Saturday, April 12, 2014

Music Mission

One of the major projects we have been involved in has been teaching the keyboarding lessons to members here.  I say we, but Gaye has been the one who has done the teaching.  That came about as a compromise, too.  I have always felt that I could teach the keyboarding lessons with great enthusiasm and ability, but one day Gaye said that if she doesn't get to do the music she will not have anything to do.  Let's just say that a mission is a lot of give and take, whatever give means and whatever take means.  So Gaye has been the music teacher and I have been in a support role.

We had several people in Tortola, young and older, who were enthused to begin.  Not so many were enthused to continue, but some did.  We have had a few missionaries who have indicated a desire to work at playing the music.  When we left Nevis, Elder Rasmussen, a greenie from Utah, jumped right in and was soon playing hymns for the very small branch of the church there.  The program is inspired.  It really works!

We attended the English-speaking Metro Ward in Puerto Rico and I noticed that two of the bishop's sons handle the music in priesthood meeting.  The older one plays prelude and accompaniment from the Simplified Hymns arrangements while his younger brother, a deacon, leads the singing.  It is both cute and inspiring to see and to participate.
The Music Men

Here in Bayamon, actually in the Caparra Ward, we have been working with the most enthusiastic, most inspiring student of the whole mission.  Br Berrios was one of the first to greet us when we arrived here.  He was plinking at the piano at a baptism service, so I asked if they needed any help with music.  He quickly lit up and in minutes Gaye was playing for the service.  It has gone up from there.  Gaye has been the piano player for sacrament meeting.  We (she) have been meeting with Br Berrios every Tuesday night for an hour lesson.  He is just bubbly in his enthusiastic desire to play the piano instead of having the recorded music be the accompaniment for the hymns in the meetings.  Everybody else has been likewise enthusiastic with the arrangement.  Now the mission nurse is also attending the same ward and she has been alternating with Gaye.  She will be the pianist when we leave.  But I have played in priesthood meeting and that is where we can use some help.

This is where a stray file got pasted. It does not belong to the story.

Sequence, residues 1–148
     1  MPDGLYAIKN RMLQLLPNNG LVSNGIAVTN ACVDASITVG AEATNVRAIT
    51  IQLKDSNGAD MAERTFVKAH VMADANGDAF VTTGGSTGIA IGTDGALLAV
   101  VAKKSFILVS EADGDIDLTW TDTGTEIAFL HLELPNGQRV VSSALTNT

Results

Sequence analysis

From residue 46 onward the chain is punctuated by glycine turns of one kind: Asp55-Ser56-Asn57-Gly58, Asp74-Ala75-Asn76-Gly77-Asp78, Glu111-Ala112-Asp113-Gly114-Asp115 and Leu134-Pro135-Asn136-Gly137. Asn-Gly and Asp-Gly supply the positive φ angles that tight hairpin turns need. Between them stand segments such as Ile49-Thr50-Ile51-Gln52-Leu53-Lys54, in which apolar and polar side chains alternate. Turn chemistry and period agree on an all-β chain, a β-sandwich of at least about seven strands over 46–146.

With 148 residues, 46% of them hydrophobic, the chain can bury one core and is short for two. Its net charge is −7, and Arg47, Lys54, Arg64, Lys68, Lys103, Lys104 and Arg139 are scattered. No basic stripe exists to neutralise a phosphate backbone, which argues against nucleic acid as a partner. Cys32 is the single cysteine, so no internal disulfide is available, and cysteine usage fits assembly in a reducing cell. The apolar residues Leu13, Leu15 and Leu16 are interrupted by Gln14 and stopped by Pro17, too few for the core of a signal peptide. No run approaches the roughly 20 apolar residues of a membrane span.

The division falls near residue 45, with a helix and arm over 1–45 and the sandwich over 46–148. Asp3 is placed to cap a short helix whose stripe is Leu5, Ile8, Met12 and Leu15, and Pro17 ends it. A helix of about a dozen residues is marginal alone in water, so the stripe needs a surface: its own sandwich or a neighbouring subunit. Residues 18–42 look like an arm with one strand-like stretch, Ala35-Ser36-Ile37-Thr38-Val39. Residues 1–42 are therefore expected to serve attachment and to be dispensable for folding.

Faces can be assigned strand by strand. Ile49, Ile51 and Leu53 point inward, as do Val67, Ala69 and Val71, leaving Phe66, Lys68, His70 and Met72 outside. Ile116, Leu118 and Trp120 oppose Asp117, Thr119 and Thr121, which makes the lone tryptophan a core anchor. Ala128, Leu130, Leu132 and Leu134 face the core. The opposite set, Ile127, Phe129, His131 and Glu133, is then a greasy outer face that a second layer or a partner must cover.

The piano, the student, and the CD player formerly used for accompaniment.
So we have been working with Johnny to get ready to play a sacrament hymn.  He has chosen to learn to play How Great the Wisdom and the Love, which is a wonderful sacrament hymn, especially when verses 1,2,5,6 are sung.  He finally has the courage up to play this Sunday, which is our fast Sunday because last Sunday was conference.  So when the chorister told us which hymns are for Sunday, I suggested that Johnny play his number for the sacrament hymn.  She said, this is all by text by the way, that the counsellor over music will not allow that song to be the sacrament song because it is not about sacrament or fasting.  I said she should read the words to verse 5.  She said the Spanish version only has two verses, so the counsellor said that Johnny will need to ask the bishop for permission to play that one.  Good Grief!!!

Johnny will not be playing tomorrow.  I told him that we need to visit with the bishop and let him know what is going on.  The bishop is a wonderful, kind man, a good friend of Johnny, and there will be no problem with that song being played either as a sacrament song or as an opening song.  I told Johnny that he is a better man than I am.  He is at peace with the whole thing.  I, however, have a problem.  Oh well, I will pray for peace and go to bed.  Tomorrow will be another day.  I just feel so personally involved in this project.  He has worked hard to be prepared.  We have become emotionally involved in helping him have the confidence and the preparation to play.  He told me to let it go.  “Let It Go, Let It Go!”  I am really liking that song lately.

Sometimes I feel like we have done significant things and have actually made a difference.  I think we have done that.  But sometimes, I feel my legacy has been about like the hole that is left in a glass of water when I put in my finger and take it out again.  I have to remember that it is not about me, it is about building the Kingdom.  We are here to invite others to come unto Christ by helping them receive the message of the Atonement and how it blesses our lives.  Alma had the right attitude in his exclamation in Alma 29.  I have to be periodically reminded of that.

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